My Research Experience:
I worked on the Willow Biomass Project at SUNY ESF, under Dr.Teece’s supervision, conducting a study on wax production versus water availability in willows (Salix).This is the first study to our knowledge that not only characterizes but quantifies the amount of epicuticular wax produced in multiple clones of Salix under varying irrigation regimes and over an entire growing season (June through September). We are currently working on a paper regarding water use in willow.
As an undergraduate student, I had the wonderful opportunity to travel to Australia in order to do 25 days of independent biology research with Dr. Bill Shields.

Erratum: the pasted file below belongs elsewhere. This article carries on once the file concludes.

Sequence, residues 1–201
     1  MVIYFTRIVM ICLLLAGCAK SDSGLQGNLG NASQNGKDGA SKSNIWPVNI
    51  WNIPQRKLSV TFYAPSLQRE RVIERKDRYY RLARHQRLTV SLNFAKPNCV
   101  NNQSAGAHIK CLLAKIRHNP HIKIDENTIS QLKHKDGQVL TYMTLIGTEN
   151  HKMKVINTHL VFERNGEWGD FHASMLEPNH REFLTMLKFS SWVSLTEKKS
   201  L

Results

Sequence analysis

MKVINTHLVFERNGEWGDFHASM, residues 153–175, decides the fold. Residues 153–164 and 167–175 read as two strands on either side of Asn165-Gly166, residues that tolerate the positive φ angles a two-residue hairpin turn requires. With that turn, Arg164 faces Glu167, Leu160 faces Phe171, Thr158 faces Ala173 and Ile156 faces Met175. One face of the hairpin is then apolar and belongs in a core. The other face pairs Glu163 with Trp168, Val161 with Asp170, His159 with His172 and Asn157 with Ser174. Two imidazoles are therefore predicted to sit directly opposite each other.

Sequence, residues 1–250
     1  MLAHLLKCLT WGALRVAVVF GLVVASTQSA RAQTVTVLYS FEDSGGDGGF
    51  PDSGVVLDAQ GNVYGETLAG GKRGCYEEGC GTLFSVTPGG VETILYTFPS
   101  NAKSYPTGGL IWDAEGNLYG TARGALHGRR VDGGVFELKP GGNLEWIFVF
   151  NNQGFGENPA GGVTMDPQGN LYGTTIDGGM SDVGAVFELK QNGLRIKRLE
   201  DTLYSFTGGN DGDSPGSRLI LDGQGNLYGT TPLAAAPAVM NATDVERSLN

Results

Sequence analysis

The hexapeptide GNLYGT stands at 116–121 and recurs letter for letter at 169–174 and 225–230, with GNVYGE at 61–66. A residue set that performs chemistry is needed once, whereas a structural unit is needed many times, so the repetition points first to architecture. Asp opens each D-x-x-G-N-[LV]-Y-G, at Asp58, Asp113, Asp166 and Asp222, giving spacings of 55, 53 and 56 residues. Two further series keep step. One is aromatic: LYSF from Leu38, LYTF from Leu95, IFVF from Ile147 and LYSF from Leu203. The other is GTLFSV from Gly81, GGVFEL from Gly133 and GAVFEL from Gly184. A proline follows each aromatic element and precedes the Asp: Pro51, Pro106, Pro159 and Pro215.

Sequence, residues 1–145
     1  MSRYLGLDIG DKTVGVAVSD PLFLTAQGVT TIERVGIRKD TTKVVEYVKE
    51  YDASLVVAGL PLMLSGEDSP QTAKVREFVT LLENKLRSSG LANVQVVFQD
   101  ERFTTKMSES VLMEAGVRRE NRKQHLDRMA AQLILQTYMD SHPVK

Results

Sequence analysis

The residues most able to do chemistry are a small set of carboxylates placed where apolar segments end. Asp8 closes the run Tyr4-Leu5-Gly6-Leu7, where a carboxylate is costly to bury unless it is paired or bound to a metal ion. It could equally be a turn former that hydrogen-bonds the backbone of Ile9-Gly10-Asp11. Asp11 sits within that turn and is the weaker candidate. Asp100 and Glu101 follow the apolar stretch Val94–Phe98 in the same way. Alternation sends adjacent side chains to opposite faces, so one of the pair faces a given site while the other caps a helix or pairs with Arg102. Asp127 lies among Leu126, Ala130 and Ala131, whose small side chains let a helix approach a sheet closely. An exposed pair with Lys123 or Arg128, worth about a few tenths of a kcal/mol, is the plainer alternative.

After graduation in May 2005, I began working at General Electric’s Global Research facilities in Niskayuna, NY in the Environmental Technology Laboratory. For approximately one year I aided in the development and research processes of numerous bacteriological/bioremediation studies, specifically dealing with the degradation of PCE and TCE DNAPL through a multi-stage process by a dehalorespirating bacteria called Dehalococcoides.
My graduate research will center around the ability fatty acid stable isotopes to be traced through multiple trophic levels of two parallel food webs (freshwater, marine). In our freshwater food web we are interested to see if these fatty acid stable isotopes are conserved over three trophic level interactions, particularly the interaction between zooplankton, fathead minnows and bluegills on the St. Lawrence river and in lakes of central New York. The three trophic levels of the marine system have yet to be determined.
Presenting my data and results at the Spotlight on Research at ESF in April 2007